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Going with the Flow: Mid-Year Changes in Elementary Science and High School Bible, Lit, and History

We rarely make major curriculum adjustments partway through the school year.  This year, however, we made two huge changes that, so far, are going well.  The Little Misses have changed science programs, and Mr. 16 has switched to Veritas Press’s Omnibus for most of his Bible, history, and literature.

Elementary Science Changes

The Little Misses had finished their science book, Flying Creatures of the Fifth Day, which they studied together.  We had to choose something new for both girls.

Miss 11 was eager to try A Beka 6 science. After a few years of studying Jeannie Fulbright’s one-topic courses, a broad overview is a good idea for her.  First she’s doing the health component of the A Beka course, and then the science component.  For each chapter, she’s spending one week reading it, and one week either designing and doing a project or answering the text questions.  (Miss 14 did the same several years ago, and her projects often involved making beautiful diagrams.)  For the first chapter Miss 11 chose to answer the textbook questions.  Right now she’s taking a nature walk with the dogs and deciding what her chapter 2 project will be.  Notice that, as usual, we avoid using the textbook traditionally.  During the elementary years we’ve always tried to minimize tests, workbooks, and worksheets and to encourage independent projects.

Miss 9, who’s a hands-on girl, is eager to work through Considering God’s Creation,  a multi-grade curriculum.  It’s full of craft projects, some of which she tried years ago when the older children studied it.  It involves a lot of Mama-time, which she loves.

All this, of course, means that the Little Misses no longer study science together.  It works out well since Miss 11 hates hands-on projects, and Miss 9 is too young for A Beka 6 science.  Surprisingly, there has been no increase in my workload, and it’s good to see Miss 11 challenged beyond what Miss 9 could manage.


Mr. 16 needed a significant change in his studies. He had finished some of his books (Promise and Deliverance, vol 4 for Bible and Sproul’s Consequences of Ideas for worldview studies), disliked his history text (Speilvogel’s The Human Odyssey is so politically correct), and was dissatisfied with his English (BJUP’s American Literature and several other books on writing and grammar). He also detested the feeling of fragmentation that came from studying several different books per subject.  I researched, prayed, and covered my desk with books and catalogues.  We discussed various options.  Finally we remembered the Omnibus volumes languishing on a shelf upstairs.

Mr. 16 was intrigued with what he saw in Omnibus volumes 1-3, even though he realized that his work load would not be reduced by the change.  I’m pleased with Omnibus because it provides a Reformed viewpoint on many classics. We tentatively plan to study all three volumes in the last year and a half of high school. Here, again, we’re tweaking an excellent curriculum to meet our goals.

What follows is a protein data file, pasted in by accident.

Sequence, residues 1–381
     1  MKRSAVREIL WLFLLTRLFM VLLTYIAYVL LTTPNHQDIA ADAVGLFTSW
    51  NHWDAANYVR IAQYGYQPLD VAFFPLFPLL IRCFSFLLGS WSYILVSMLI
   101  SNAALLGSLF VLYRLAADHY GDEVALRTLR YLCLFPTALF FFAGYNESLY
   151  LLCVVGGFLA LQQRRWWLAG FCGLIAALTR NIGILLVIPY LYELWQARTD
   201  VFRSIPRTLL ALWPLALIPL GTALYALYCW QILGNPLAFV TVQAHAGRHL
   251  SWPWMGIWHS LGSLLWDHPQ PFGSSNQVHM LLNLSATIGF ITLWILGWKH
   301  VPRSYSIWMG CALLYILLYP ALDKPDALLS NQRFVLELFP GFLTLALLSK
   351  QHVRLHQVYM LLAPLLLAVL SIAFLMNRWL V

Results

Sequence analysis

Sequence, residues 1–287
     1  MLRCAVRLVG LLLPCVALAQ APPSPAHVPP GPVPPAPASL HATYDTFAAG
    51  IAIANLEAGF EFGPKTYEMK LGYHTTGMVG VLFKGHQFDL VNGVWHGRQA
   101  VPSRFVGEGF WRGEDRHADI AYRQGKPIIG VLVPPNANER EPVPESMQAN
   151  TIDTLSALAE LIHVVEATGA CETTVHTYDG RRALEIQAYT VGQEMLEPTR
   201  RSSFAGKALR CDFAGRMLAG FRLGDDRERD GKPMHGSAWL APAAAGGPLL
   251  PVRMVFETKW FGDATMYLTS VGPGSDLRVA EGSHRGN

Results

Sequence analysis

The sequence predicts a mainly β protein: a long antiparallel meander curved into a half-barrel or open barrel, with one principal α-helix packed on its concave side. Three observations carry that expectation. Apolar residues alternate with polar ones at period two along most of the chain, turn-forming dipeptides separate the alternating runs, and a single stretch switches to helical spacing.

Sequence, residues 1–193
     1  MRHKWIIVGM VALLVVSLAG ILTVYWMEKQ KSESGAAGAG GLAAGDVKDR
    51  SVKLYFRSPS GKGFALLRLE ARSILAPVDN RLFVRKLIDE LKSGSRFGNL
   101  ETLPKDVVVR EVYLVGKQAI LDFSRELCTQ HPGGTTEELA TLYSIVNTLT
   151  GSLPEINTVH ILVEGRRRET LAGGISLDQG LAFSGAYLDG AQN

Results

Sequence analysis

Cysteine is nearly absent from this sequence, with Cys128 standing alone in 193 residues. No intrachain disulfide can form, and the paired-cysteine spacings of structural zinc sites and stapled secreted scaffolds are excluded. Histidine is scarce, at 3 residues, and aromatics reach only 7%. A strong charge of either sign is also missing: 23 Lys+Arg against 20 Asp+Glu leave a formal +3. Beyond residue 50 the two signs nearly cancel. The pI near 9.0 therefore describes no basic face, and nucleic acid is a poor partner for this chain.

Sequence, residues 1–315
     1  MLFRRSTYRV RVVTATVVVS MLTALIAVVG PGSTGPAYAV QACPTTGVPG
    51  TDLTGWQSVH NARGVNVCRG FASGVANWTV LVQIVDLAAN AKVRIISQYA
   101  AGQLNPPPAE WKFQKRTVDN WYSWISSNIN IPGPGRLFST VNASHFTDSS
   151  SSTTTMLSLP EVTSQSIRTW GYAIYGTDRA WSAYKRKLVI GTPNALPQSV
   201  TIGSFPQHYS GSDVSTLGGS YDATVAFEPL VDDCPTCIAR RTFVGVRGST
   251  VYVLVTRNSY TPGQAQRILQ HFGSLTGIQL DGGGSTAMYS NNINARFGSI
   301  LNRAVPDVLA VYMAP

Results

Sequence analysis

Technically, Omnibus 1 is meant for grade 7 students.  My husband and I find that a ridiculous idea because of the subject matter involved.  Sure, preteens can read the words and parrot back ideas, but they cannot adequately understand the complexities of the subject matter discussed.  Studying concepts far beyond them will either overwhelm students or, more likely, give them a false confidence that they actually understand the ideas. Furthermore, we believe that some of the topics discussed in detail are not suitable for youngsters.

The next question is, of course: Will this be too easy for a 16 year-old? We think not.

  • First of all, many of the materials covered (the Bible, ancient classics, theological works, and more) have traditionally been considered adult material.  Even though some of the Omnibus 1 discussion is fairly low level, there’s enough high-level thought that with a bit of tweaking this will make an excellent and challenging  program for grade 11.
  • Secondly, since Mr. 16 is a quick reader, has been exposed to most of the literature involved, and is used to thinking deeply, he is able to study it at twice the recommended speed.  In this way, he will be able to complete one Omnibus history cycle (volumes 1-3) in the next year and a half.  It’s not an ideal situation, but it’s a great solution in our circumstances.

These major changes have improved the children’s learning as well as the flow of our days. My workload is heavier since I try to keep up with Mr. 16’s readings, but when I cannot, the Omnibus answer key is more than adequate.

We pray that these mid-year changes will be a blessing to our family.  So far they seem to be.

One Comment

  1. JoAnn says:

    Hope the changes go well for you. We try not to make big changes mid-year either, but sometimes it just has to be done. 🙂

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